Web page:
Wiki Structure (Namespaces)Template:·
Mediawiki Help Pages
OOModels QuickstartTemplate:· GlossaryTemplate:· ArtefactSyntaxTemplate:· TypeSyntaxTemplate:· NamespaceSyntaxTemplate:· PackageSyntaxTemplate:· ConversionStepSyntax
HowToStartAProjectTemplate:· HowToAddAModelTemplate:· HowToAddAFormatTemplate:· HowToAddAPackageTemplate:· HowToAddANamespaceTemplate:· HowToAddAContact
About editing OOModels
The OOModels wiki is a mediawiki as is used by the popular Wikipedia. In general, editing works the same. A brief introduction to the basic formatting syntax is given here. If you want to try it without doing harm, do so in the sandbox.
There are some important peculiarities to point out:
- First, the overall structure of the OOModels wiki, which is explained here.It is very important to understand why it is crucial to obey to this structure: the wiki is not only used by humans, but by machines, too.What do these machines do? Well, OOModels as a resource of modelling artefacts provides these resources to automated application provisioning engines (Code Generators, Model Interpreters etc.). Furthermore, Format Converters are able to read artefacts from the wiki in one format and provide it in another format, for your convenience. Since machines are a bit fussy sometimes with syntax, we have to stick to that syntax to collaborate with them.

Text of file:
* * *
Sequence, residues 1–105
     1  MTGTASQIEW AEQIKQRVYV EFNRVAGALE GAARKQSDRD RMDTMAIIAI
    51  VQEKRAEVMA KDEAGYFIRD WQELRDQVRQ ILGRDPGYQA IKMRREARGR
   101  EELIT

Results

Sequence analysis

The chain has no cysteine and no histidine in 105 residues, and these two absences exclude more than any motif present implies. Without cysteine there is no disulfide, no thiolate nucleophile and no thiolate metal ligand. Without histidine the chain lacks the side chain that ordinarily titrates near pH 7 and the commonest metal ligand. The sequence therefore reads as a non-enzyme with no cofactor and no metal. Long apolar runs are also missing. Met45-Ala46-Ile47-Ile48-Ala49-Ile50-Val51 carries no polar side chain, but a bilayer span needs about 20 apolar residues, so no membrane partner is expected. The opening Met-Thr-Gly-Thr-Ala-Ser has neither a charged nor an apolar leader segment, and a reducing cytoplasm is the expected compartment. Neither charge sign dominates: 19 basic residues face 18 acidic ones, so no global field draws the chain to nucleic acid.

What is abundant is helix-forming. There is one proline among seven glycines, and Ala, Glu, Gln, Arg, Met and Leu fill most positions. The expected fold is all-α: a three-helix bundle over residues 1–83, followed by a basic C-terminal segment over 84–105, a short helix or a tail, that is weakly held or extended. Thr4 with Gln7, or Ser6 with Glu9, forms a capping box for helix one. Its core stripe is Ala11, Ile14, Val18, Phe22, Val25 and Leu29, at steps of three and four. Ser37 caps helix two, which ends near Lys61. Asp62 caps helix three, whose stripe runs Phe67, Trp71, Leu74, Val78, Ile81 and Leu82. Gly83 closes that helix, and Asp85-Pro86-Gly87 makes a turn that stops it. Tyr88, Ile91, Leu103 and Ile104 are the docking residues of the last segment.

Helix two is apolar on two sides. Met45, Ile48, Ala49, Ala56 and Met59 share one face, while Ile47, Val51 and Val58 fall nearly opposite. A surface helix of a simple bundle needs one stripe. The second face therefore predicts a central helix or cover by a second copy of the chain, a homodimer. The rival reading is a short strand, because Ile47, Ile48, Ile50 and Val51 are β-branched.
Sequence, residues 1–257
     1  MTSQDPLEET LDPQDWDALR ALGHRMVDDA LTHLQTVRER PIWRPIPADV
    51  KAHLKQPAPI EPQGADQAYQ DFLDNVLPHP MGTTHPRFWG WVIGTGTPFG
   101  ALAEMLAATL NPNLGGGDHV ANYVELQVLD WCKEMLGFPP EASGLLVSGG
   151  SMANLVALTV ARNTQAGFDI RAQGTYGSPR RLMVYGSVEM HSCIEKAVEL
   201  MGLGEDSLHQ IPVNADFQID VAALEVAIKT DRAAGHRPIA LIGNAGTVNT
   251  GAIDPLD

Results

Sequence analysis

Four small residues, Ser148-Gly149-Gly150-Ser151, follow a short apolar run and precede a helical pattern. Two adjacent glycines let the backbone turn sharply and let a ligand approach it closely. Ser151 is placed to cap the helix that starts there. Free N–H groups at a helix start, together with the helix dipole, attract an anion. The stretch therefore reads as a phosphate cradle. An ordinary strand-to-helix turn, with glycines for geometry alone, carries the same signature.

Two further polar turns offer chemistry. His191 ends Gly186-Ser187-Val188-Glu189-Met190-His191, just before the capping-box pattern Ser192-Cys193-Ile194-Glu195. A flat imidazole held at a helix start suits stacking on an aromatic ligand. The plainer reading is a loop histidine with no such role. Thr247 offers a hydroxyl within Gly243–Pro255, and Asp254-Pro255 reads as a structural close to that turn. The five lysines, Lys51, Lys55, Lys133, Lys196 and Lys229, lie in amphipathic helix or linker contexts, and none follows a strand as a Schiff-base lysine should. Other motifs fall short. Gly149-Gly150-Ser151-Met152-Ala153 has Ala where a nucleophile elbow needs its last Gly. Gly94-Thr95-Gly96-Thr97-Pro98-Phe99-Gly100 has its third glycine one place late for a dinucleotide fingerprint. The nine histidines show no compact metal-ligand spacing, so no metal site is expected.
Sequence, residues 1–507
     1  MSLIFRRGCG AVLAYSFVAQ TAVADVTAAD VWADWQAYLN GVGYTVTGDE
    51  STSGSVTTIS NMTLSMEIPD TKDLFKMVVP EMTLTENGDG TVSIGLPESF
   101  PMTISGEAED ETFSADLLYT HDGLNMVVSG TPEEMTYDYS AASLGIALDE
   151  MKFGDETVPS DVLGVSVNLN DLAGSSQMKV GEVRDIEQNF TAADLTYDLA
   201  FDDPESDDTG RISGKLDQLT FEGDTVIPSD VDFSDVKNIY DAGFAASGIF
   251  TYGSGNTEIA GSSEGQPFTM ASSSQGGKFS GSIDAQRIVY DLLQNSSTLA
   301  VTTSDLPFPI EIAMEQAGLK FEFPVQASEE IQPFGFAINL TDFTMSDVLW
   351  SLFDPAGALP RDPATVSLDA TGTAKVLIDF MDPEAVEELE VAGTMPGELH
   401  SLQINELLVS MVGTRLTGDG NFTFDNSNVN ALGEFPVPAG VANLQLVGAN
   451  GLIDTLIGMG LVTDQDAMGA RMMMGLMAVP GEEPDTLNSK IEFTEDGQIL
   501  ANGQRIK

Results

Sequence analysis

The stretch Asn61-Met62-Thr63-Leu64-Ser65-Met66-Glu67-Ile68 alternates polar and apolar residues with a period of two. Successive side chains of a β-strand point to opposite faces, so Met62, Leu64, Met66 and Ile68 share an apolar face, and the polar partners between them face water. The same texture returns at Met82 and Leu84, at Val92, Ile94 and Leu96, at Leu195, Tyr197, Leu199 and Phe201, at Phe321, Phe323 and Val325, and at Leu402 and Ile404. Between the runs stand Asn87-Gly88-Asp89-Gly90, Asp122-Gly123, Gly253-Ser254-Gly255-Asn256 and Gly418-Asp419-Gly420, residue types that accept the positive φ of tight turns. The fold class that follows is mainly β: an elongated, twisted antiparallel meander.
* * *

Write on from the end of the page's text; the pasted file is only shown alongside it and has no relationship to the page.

- Second, the extensive use of subpages to provide namespaces for artefacts.These namespaces are organised according to the Java Package naming convention, i.e. they are written as the reverse order of some domain name you own or can control. E.g., if you own the domain my.domain.com, you would use a namespace of com/domain/my. This guarantees global uniqueness.Currently, basically all pages in the wiki are open for arbitrary editors, while it is expected that you respect other people's thoughts and efforts in a polite manner. That means: do not substantially change artefacts in namespaces that are not your own without explicit permission of the owner. You are of course very welcome to add comments, documentation, correct minor errors or add links like "here's my totally better/smarter/faster/cooler implementation".If it turns out this open approach will not work, it might be unavoidable to restrict editing permissions to people who can prove they are the owner of the domain or something like that.
- And finally, artefact source code contained in pages is formatted in a well defined way.This guarantees that the code is both readable by humans and machines and can be edited easily.